They say necessity is the mother of invention. That certainly holds true for the founders of Loftin Oysters, who produce ceramic oyster shells. Kyle Loftin, his wife, Ali, and his brother, Mike, started the company in 2011 after realizing a need for an easy, affordable way to grill oysters at home. Louisiana Cookin’ spoke with Ali Loftin about Loftin Oysters’ beginnings, the benefits of using their shells, and some of her favorite oyster recipes.
First of all, what do you call them?
Ali Loftin: We call them ceramic oyster shells. We wanted them to function in every sense of the word as close to real oyster shells as one could have, but almost like a superhero version of them. Real oyster shells can cause a lot of problems: they don’t always sit evenly on a grill, so you lose your juices and toppings.
Tell us how Loftin Oysters got started.
AL: My husband, Kyle, and his brother, Mike, are from here. I fell in love with Louisiana and my husband ten years ago. We had been living in Florida, finishing school, and had just got married and moved back to Louisiana. To celebrate being back in the state that we loved so much, we used to go to happy hour with 50-cent oysters. When you go to happy hour, it tends to end up with dinner. So we’d go to happy hour and then eighty dollars later, we had spent way too much money on oyster happy hour. One night I looked at my husband and said, “Is there not a way to do this at home that we can afford?” And he said, “You know, there really isn’t.” That was the first conversation.
At that time, Kyle was running a hotel just outside of Baton Rouge, and a guy called him and said, “Do you have any oyster shells you’re getting ready to throw out?” and Kyle said, “Yeah, why?” And the guy goes, “I want to reuse them.” Kyle said, “Reuse them for what?” And he said, “To cook on! I just buy a gallon and cook on already shucked oyster shells.” That was the lightbulb moment. Kyle talked to his brother that day; he came home and talked to me. Then he started looking to see what people were using to chargrill oysters at home. People were either using muffin tins or making little tinfoil bowls. And Kyle said, “Why not ceramic?”
One of the great things about our shells is that because they are shaped like real oyster shells, when you cook with them on the grill, the flame can wrap around the oyster shell, and the flameware that the shells are made from distributes the heat evenly, thus cooking the oyster uniformly. The flame kisses the top of the oyster, and that’s where you get the smokey flavor. When you cook with a muffin tin, there is no way for the flames to cook the oysters evenly or kiss the top of those center oysters.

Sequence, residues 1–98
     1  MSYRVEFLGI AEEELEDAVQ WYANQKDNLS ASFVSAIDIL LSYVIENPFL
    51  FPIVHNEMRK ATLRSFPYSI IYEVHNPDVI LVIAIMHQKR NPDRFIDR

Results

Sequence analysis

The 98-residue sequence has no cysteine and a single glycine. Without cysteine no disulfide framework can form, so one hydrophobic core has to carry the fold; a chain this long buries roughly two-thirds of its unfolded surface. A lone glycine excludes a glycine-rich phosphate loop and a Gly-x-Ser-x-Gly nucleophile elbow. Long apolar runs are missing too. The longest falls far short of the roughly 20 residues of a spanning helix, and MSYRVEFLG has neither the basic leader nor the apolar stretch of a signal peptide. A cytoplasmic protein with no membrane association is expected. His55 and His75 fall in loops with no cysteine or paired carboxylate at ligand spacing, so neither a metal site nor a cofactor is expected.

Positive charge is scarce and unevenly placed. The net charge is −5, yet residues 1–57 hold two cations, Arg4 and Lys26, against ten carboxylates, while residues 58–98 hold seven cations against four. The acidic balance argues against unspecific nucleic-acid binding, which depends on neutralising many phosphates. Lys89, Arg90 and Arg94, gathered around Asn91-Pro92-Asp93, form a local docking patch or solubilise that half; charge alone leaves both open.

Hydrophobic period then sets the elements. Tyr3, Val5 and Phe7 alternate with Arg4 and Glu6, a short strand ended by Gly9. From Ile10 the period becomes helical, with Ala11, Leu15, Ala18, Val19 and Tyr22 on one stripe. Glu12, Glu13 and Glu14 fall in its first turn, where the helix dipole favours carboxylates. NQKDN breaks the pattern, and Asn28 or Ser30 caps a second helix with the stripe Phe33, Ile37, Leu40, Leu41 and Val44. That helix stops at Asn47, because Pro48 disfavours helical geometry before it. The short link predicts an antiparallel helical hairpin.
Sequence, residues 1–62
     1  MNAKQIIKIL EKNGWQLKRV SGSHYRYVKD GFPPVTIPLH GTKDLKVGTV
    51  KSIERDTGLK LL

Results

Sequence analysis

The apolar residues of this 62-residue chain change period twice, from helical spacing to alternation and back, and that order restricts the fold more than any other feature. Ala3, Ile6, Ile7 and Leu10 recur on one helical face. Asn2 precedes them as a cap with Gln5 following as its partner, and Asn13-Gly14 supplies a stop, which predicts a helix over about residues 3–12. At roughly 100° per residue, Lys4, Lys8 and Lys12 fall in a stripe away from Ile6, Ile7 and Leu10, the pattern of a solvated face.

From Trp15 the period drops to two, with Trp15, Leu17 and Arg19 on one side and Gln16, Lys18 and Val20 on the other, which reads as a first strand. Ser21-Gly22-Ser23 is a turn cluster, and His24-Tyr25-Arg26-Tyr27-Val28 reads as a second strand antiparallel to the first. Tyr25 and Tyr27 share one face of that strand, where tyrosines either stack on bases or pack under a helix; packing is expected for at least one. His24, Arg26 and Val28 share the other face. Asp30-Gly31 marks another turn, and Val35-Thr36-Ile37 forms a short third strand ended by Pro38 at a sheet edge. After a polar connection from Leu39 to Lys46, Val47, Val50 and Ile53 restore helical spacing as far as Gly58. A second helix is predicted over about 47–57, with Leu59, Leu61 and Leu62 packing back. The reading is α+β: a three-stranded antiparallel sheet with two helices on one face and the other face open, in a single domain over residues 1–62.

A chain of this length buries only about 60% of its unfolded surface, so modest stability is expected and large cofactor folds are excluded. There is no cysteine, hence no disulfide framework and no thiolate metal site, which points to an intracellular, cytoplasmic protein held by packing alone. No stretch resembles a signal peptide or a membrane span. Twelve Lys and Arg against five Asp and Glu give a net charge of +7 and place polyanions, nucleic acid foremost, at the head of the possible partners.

Our shells are made from a special flameware. That’s what allows them to stand up to the direct flame of the grill and in the oven under the broiler, and that’s why they work so well even in commercial kitchens. We have several restaurants now that use our shells. That’s how durable our shells are.
Where can people see the Loftin Oyster shells in action before they buy them?
AL: Redfish Grill, which is a Brennan family restaurant, Café Amelie, Restaurant des Familles on the Westbank . . . . There’s also a Brennan’s of Houston that cooks with them, and another restaurant in Houston that cooks with them called B&B Butchers.
Had any of you worked with ceramic stoneware before, or was this the first time?
AL: This is what’s crazy. We are not creatives and artists in what I would consider true, real art forms. We learned everything we know about clay types, firing, operating the kiln, everything from YouTube. No joke. We built this business out of our garage, which is where we used to make these, sitting up ‘til 2 or 3 o’clock in the morning, sipping on a little Jameson, hand molding these oyster shells. There is nothing mass-produced or high volume about our shells.
Do you still do all the production yourselves?
AL: We have a ceramicist from Loyola who makes these for us, along with three other employees. The clay is balled out, shaped, and finished all by hand. A part of the reason for that is because it ensures quality for us. We are very meticulous in how we make these—their thickness, their shape—we make sure they all have flat bottoms because, of course, sitting flat on a grill is a part of their function.
What are your favorite things to make in the shells?
AL: Two of my favorite recipes are actually not conventional ones. One of them is a Sriracha lime butter sauce. It is phenomenal. The other one is a vodka crawfish topping. You’ve heard of the Crawfish Monica or Crawfish Linda-type topping that you put on pasta. One day we were goofing around and cooking up that type of pasta, and we were making chargrilled oysters that day, too, so we just scooped some topping out and put it on the oysters and broiled them in the oven for a few minutes, and it was knock-your-socks-off good. We ended up calling it Crawfish Raoul after Kyle’s grandfather. If you’re looking for one to try, that’s the one.
Visit LoftinOysters.com for more information and to purchase. See the Loftin Oyster shells in action in this delicious recipe: Baked Oysters with Gremolata.
by Caitlin Watzke • photography courtesy of Geren Heurtin